At this particular time in my life I am tired, very tired. My family has had minor illnesses all through the winter. My children present me with physical and emotional demands ranging from toddler needs, to those of a self-aware pre-adolescent needing to discuss his varying emotions and desires. I have spent many hours, days, weeks of my past speaking about, organizing to counter, and praying about abortion.
Right now, as responsibilities seem to be increasing on so many fronts, and becoming more intense with the years, I am bitterly tempted to ignore the whole topic of abortion … I believe this is called abortion burnout! … “Battle fatigue” plus normal adult demands combine to make the prospect of continuing abortion involvement almost unbearable.
How often I have wished, as I read through the ‘Little House’ series with my children, that I had been born with a hundred years earlier, and could concentrate on just planting and enjoying ‘my vine and olive tree’ without twentieth-century horrors gathered about me. I am weak! I am so easily overwhelmed by the multitudes of emotions, and tensions this particular battle brings without fail to those arrayed against it. I am, indeed, at times just a hairsbreadth from quitting it altogether. There are so many satisfactory reasons to do so. Perhaps my emotional strength is such that I should not be in any battle lines. Is a demanding commitment fair to my family? Perhaps there are others who might do the jobs. I attempt in a more capable fashion. Maybe there are non-abortion-related tasks I could attend to with greater success.
As I find myself in a welter of emotional and conflicting desires, it is helpful to give myself as much of a reprieve from heavy responsibilities as is possible. I throw myself with vigour into routine demands and, alongside, read the Bible and discuss my concerns with God, and others. Invariably I come back, in time, to a clear recognition of the concerns which have burdened me for so many years.
An important battle
First, this battle is so very important. We are told in Scripture that all human beings are caught up in, and indeed are the battlefield of, a struggle which is spiritual and cosmic in scope and consequence. We are either children of God, through faith in Christ, alone (and so are aligned with Him), or children of the world, the devil. As the devil, the ‘prince of this world,’ the one Jesus called ‘a liar from the beginning,’ seeks to work his will – through the lies of abortion ‘promises’ – into society, it is of utmost importance that those who are God’s people oppose and expose this evil. While immediately aimed at those made in His image, (and so of immeasurable value) ultimately it is defiance and hatred of God Himself. To those who worship and praise God, this is abominable.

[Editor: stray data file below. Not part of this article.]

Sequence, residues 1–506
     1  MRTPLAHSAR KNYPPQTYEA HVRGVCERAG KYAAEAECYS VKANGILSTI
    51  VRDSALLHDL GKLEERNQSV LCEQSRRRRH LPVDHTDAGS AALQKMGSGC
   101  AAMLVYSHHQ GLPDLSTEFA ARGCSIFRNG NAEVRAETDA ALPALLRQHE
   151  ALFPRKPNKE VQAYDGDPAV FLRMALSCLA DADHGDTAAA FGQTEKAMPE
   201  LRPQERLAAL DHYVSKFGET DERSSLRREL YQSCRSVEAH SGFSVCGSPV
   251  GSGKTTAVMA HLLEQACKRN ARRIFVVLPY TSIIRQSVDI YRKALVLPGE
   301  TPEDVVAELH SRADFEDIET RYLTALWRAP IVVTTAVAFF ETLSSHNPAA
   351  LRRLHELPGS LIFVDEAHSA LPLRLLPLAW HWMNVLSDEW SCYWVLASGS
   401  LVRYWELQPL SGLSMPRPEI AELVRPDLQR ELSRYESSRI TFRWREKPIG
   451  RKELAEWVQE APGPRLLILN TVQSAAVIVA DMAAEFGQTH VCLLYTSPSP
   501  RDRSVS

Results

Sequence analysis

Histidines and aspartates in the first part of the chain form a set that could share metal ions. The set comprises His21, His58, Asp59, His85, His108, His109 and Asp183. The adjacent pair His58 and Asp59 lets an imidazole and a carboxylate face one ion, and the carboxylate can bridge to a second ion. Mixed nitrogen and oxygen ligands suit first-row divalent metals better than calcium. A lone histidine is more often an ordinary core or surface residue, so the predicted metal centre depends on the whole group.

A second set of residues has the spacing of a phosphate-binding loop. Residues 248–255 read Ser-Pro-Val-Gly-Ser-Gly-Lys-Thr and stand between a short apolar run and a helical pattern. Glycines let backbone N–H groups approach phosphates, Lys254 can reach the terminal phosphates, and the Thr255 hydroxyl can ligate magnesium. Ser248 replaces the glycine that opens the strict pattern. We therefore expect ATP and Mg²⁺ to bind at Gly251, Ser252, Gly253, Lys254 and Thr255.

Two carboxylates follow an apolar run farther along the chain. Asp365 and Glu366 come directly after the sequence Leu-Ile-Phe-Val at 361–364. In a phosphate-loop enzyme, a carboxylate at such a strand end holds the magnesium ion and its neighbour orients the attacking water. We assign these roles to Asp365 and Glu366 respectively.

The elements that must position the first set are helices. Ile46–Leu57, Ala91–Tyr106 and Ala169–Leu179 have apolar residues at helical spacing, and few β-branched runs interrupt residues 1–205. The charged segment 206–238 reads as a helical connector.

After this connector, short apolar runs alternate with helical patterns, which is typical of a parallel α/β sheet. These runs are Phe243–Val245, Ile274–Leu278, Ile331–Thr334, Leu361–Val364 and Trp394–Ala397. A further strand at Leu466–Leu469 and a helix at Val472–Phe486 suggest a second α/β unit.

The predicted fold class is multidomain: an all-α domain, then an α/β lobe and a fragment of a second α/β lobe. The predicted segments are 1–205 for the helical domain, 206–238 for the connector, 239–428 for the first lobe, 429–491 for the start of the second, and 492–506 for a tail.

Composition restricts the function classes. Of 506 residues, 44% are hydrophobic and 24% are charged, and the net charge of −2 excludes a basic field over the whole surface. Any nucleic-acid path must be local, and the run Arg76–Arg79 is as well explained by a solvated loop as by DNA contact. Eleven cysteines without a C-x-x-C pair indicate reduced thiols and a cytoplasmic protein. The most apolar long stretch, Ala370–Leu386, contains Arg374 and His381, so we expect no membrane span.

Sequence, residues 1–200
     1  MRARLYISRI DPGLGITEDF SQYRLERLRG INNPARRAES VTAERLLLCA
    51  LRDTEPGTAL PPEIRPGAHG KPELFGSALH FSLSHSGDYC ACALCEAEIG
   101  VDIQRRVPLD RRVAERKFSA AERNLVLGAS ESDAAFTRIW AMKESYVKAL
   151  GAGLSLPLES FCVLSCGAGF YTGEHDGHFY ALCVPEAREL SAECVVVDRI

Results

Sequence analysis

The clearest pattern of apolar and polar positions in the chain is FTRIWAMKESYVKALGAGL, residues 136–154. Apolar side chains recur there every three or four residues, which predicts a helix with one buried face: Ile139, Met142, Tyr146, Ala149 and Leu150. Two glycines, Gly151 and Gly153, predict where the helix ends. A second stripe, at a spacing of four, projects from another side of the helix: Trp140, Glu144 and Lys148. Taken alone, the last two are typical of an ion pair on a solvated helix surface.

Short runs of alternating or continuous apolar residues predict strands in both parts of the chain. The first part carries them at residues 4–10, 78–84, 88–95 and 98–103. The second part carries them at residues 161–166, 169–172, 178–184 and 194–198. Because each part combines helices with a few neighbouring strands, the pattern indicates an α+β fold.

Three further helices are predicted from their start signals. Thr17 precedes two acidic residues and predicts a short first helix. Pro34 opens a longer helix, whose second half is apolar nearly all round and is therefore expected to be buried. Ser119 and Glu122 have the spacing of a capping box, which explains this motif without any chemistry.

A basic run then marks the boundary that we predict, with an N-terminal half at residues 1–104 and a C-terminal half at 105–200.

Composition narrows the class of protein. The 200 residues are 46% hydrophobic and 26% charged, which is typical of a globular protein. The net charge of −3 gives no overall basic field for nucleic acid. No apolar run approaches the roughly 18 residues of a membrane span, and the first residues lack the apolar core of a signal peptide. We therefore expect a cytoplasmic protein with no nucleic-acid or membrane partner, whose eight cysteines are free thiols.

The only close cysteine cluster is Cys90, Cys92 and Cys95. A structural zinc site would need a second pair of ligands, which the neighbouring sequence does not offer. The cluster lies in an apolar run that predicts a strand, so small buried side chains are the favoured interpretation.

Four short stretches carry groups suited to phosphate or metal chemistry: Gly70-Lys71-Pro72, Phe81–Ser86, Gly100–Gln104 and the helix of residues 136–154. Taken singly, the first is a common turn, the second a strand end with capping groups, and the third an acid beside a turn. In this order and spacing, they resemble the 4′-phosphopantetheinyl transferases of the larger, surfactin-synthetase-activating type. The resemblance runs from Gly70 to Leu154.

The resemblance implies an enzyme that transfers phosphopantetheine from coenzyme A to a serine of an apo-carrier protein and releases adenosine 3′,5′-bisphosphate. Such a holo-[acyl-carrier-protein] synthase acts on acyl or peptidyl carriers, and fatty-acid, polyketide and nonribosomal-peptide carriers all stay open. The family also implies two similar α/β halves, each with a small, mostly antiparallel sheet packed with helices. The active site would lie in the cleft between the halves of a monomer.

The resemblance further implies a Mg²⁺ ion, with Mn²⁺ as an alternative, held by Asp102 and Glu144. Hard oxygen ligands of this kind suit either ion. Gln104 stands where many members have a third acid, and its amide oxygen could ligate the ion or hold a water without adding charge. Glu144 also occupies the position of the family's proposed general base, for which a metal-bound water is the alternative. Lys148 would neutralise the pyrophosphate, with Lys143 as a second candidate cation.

Secondly, the thoughtful Christian involved in combating abortion quickly realizes that abortion is but one indication of something dark and ominous which is slowly creeping from the sub-stratum of society up into the light. While different people would construe this in differing fashions, I think it is commonly agreed this is a form of super-humanism which, if it continues to establish itself, bodes very poorly for the future of Christians, and for that which we hold dear. So, as I contemplate the sacrifices my family truly must make to accommodate my pro-life work, I remind myself that in a very real way I am working to ensure the future of my children.
Then, mind clarified, I come to the difficulty which I probably find hardest to deal with – the one I cited at the beginning of this article – that of fatigue, combined with more than a touch, sometimes, of vague self-pity and feelings of martyrdom. It is then that I have to remind myself, most forcibly, and with the help of the Holy Spirit, of Biblical themes that, really, I know very well.
God’s children are expected, indeed commanded, to work hard on His behalf. Paul says in Ephesians:
Finally be strong in the Lord and in His mighty power. Put on the full armour of God so that you can your stand against the devil’s schemes. For our struggle is not against flesh and blood, but against the authorities, against the powers of this dark world and against the spiritual forces of evil in the heavenly realms. Therefore put on the full armour of God, so that when the day of evil comes, you may be able to stand your ground, and after you have done everything, to stand
The demand id that the Christian fight, and moreover, time and time again, is to be found standing, ready for more.
The Biblical mandate is clear. As I consider it, I remember and am forced to trust the promises of God’s comfort and strength that are woven so closely together with the imperative to fight.
He gives strength to the weary
and increases the power of the weak.
Even youths grow tired and weary,
and young men stumble and fall;
But those who hope in the Lord
will renew their strength.
They will soar on wings like eagles;
they will run and not grow weary,
They will walk and not be faint.
Finally, as I seek to Christianize my thinking in order to combat not apathy, but entropy, I remember God’s promise to reward those who are His and, in His strength, have maintained faithfully the trust of the Gospel – in thought, word, and deed.
In conclusion, I can truly say that over and over again, after periods of discouragement, I find myself ready and even eager to continue to serve God in this key twentieth-century battle. Why He chooses to employ individuals such as me I don’t know, but what an honour that indeed He has, and that my service is of value to Him.
Barbara Challies is a board member of Campaign Life Toronto and a founder of Christian Action Council.